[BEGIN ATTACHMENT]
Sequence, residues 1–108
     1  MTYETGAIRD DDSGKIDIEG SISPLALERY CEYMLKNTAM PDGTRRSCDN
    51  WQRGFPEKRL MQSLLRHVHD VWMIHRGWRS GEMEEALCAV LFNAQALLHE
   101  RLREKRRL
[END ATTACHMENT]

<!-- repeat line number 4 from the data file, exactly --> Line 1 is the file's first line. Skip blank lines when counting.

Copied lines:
   101  RLREKRRL